Google+ Followers

Thursday, March 26, 2015

Rochester man shows that people with disabilities can live normal lives


Michael Johnston, who has a developmental disability and lives in a Rochester home with two other men, stands between two of his caregivers, Christina Fields (left) and Amanda Atkins. Photo by Jerry Wolffe
Michael Johnston, an energetic young man who loves people and is generous with hugs and sharing smiles, is living a life many would envy.
He loves his job at the Kroger store in Rochester where he works 16 hours a week doing maintenance.
Johnston also likes going to the malls and spends time in his room at the Rochester home where he lives with two other men who have developmental disabilities.
“I like working at Kroger’s,” Johnston said. “I work from 8 a.m. to noon Tuesday through Friday and can spend the money on the things I like.”
He has a job coach at the grocery store where he works near Silver Bell and Adams. He cleans bathrooms, a worker rest area and vacuums in the store. He hardly ever calls in sick and has worked at Kroger’s for seven years.
Johnston has been living in the Rochester home for 14 years and previous to that at a home in Ortonville for four years since he was born with a cognitive impairment.
March is Developmental Disabilities Awareness Month and Mary Malone, a Macomb-Oakland Regional Center’s support coordinator, suggested Johnston’s life illustrates how things have changed for the better for those born with disabilities who used to be placed in state institutions instead of living in the community with proper supports.
“I like movies,” Johnston said. He said he has a 32-inch TV, boom box with a CD player and old-fashioned tape player in his bedroom and is a country music fan. He named Tim McGraw, Reba McEntire and Toby Keith as his favorite artists.
“I am a pretty happy guy,” Johnston said as he reached to give a hug during an interview. “I love going into the community. I like to visit and help others.”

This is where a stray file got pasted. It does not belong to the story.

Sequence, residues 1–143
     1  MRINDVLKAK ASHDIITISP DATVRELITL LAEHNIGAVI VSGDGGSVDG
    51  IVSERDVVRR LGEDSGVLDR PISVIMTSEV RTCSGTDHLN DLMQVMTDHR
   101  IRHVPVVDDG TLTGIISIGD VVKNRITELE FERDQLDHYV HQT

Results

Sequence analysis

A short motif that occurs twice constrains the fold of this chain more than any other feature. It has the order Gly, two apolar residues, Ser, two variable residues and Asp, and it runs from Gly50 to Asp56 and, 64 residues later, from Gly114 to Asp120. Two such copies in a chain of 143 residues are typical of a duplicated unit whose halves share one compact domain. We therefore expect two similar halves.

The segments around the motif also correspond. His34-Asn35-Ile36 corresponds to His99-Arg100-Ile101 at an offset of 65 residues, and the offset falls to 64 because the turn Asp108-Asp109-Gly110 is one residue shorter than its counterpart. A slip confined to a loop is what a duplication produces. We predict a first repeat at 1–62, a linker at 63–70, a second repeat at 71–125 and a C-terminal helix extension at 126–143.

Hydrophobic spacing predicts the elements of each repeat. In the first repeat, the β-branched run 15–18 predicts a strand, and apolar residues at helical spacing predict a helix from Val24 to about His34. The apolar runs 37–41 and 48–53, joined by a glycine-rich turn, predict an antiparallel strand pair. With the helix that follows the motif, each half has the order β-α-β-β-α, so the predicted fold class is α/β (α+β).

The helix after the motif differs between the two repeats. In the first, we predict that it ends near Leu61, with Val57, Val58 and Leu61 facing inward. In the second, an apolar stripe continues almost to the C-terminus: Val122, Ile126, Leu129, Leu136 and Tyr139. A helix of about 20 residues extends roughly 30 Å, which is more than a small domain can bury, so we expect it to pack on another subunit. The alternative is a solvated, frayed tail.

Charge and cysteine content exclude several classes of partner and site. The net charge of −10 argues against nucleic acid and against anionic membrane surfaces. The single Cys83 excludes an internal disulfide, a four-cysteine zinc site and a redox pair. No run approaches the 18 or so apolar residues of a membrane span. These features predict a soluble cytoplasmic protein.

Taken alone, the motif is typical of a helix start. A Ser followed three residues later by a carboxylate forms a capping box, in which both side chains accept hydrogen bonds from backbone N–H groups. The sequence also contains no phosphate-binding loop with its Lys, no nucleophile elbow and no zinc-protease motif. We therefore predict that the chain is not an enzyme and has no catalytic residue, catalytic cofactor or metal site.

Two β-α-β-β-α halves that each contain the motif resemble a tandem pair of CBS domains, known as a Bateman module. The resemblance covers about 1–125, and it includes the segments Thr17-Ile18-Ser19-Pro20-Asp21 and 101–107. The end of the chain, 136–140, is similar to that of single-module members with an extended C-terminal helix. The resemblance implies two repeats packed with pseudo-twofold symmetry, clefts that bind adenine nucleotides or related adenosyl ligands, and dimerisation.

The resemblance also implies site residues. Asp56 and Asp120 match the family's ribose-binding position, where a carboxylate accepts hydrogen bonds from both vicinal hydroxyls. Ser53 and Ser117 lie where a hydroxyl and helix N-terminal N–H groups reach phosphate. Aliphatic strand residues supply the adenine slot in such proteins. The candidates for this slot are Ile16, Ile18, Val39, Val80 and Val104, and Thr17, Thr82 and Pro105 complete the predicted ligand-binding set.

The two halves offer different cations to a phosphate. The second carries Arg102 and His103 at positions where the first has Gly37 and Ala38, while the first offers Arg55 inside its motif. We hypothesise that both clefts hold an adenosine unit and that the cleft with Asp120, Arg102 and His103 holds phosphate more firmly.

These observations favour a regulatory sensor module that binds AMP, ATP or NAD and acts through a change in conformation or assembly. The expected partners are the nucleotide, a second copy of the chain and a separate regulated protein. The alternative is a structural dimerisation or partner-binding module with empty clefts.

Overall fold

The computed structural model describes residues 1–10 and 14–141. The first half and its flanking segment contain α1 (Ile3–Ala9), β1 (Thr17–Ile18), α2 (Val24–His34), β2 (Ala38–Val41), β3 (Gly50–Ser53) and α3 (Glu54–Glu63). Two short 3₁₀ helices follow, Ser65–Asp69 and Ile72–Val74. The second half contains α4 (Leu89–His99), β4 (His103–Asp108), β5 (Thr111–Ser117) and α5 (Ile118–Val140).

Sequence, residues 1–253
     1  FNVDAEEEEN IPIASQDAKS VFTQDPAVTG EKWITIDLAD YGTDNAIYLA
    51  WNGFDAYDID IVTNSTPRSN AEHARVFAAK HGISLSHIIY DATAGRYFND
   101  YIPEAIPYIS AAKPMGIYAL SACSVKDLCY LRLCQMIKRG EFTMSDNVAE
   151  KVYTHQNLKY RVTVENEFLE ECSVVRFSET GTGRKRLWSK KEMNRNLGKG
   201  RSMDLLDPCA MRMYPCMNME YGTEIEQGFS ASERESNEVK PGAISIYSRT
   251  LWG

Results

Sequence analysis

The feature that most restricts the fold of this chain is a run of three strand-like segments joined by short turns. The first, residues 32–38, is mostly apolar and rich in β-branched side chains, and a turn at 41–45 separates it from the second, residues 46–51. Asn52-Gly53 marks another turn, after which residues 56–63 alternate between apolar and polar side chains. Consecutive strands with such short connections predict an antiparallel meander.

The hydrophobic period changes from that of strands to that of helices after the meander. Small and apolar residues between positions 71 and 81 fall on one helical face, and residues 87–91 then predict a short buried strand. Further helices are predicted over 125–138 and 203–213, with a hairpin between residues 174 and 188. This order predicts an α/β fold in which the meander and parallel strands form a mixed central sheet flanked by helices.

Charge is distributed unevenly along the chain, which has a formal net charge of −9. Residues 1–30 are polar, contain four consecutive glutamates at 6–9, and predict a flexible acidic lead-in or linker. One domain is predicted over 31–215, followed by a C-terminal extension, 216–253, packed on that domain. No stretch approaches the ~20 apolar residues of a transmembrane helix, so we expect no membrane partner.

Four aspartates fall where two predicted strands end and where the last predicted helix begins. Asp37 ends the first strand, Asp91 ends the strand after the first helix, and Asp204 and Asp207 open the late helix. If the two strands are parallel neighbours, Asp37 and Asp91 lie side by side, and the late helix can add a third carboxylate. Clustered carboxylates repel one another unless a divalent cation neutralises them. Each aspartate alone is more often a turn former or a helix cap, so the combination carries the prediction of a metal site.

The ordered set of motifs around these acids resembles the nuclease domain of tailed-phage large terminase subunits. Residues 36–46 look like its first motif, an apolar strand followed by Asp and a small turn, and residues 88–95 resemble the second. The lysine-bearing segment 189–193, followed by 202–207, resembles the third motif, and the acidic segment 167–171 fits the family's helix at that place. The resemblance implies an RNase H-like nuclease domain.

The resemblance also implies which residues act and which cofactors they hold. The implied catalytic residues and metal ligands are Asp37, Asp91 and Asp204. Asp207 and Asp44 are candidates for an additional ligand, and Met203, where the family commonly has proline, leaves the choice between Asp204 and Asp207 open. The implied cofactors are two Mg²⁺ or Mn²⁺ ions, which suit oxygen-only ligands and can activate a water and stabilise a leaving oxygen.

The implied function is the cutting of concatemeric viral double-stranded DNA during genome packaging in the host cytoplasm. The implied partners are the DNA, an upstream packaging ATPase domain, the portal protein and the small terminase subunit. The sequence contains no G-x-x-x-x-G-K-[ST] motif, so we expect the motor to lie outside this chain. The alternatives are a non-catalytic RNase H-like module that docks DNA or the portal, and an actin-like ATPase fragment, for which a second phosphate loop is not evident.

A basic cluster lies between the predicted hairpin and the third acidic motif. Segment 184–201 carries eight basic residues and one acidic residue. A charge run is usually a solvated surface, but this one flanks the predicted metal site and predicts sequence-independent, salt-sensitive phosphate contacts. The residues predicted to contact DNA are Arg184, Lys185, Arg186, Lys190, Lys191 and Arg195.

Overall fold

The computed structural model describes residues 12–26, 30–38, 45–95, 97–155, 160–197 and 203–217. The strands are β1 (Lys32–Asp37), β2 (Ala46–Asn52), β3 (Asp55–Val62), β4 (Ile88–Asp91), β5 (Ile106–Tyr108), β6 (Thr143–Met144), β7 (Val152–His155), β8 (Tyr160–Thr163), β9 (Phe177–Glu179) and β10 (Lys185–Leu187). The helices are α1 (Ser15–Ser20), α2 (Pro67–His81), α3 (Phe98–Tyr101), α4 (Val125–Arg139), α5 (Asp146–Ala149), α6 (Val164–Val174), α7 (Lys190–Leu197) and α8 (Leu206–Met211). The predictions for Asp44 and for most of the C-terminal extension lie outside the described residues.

He has “one-on-one” with a caregiver when he can go and do whatever he likes. Often, he said he visits Wal-Mart or visits Yates Cider Mill.
“He’s very friendly,” said Malone. “He loves to give hugs. He always makes people feel good and gives compliments. When someone is having a bad day, he helps lift his or her spirit with his sense or humor or inquisitiveness,” she said.
“Other people tell me I’m funny,” said Johnston who smiled when he spoke of attending a recent dance.
After work, Johnston takes a nap since he wakes up at 6:30 a.m. to get to work on time. After work, he showers and helps prepare dinner.
“He’s known for his neatness and being organized,” said Malone as Johnston tidied up some scattered paperclips on a desk.
“Some day, somehow it’s going to happen that people with disabilities are going to be able to work,” Johnston said. “Just because you have a disability and use a wheelchair, you can work and have friends and enjoy things.”’

Jerry Wolffe is the writer-in-residence, advocate-at-large at the Macomb-Oakland Regional Center. He can be reached at 586-263-8950.

Thursday, March 19, 2015

Microbusinesses show creativity, drive to succeed of those with disabilities

 Jonathan Kuhn, CEO of JTK Custom Creations of Farmington Hills, shows off his hand-made pens that were for sale at the Champions of Achievement Event in Troy.

By JERRY WOLFFE